Joins

Lookup tables and working with Arrays of Objects

Databases are designed in different ways when it comes to Joins. Joins become necessary when you want to extract data from more than one table in the database. This tutorial will focus on two design scenarios based on the second Join Tables 2 Example. In this example, we are dealing with four tables: employees, department, access, and the link table emp_access. If you were to view them in a database designer application, they would look like what you see in IMAGE 1.

IMAGE 1
Join diagram of tables: employees, department, access, and emp_access

This design pattern is possible where you have the parent table employees referencing the other two child tables: department and access, but in different ways. Both department and access tables are lookup tables, which means you should never write to them. They would be regarded as READ ONLY tables.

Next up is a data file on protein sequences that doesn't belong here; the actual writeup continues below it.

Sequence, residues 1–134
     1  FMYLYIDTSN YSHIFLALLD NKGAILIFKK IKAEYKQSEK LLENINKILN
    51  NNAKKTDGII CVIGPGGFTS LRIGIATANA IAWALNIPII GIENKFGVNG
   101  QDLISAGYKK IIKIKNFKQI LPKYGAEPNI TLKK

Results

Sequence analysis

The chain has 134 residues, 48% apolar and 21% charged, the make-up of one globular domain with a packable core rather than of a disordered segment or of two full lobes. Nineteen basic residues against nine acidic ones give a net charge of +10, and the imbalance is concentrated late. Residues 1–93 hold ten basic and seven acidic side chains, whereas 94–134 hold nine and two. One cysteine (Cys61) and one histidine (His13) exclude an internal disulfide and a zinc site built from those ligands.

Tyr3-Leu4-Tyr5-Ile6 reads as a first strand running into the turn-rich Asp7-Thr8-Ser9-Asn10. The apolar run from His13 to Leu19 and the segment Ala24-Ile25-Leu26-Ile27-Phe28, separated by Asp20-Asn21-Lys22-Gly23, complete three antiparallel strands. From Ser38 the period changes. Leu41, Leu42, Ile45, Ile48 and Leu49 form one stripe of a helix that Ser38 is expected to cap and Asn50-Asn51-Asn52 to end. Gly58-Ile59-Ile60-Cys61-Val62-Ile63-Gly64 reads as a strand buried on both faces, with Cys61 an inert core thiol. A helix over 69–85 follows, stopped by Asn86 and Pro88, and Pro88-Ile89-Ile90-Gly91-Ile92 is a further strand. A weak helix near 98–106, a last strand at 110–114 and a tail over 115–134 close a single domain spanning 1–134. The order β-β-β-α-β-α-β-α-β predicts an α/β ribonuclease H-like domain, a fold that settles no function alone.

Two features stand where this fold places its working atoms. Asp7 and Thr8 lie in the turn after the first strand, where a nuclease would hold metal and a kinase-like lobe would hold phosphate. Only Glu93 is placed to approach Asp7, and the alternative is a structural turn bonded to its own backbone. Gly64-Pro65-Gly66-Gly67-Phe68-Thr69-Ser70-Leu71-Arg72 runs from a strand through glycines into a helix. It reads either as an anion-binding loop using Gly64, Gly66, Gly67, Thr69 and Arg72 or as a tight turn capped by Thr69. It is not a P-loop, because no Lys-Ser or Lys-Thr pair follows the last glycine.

We will first look at the way the parent table employees is referencing table department. Table employees has a field named dept which is of type INT and points to the Primary Key field in table department. This design pattern is typical when you want each employee record to be assigned to only one department record. employees.dept can only contain one value, therefore, it would have one id value pointing to only one record in table department.

What about a one-to-many relationship? We handle that with the way we connect the parent table employees with table access. There is a table named emp_access in between table employees and table access. emp_access is often referred to as a "link table". emp_access is what makes it possible to record the fact that an employee record can point to many access record options.

By designing our database this way we can then address the manner in which we display our Create and Edit forms on the client side. See IMAGE 2.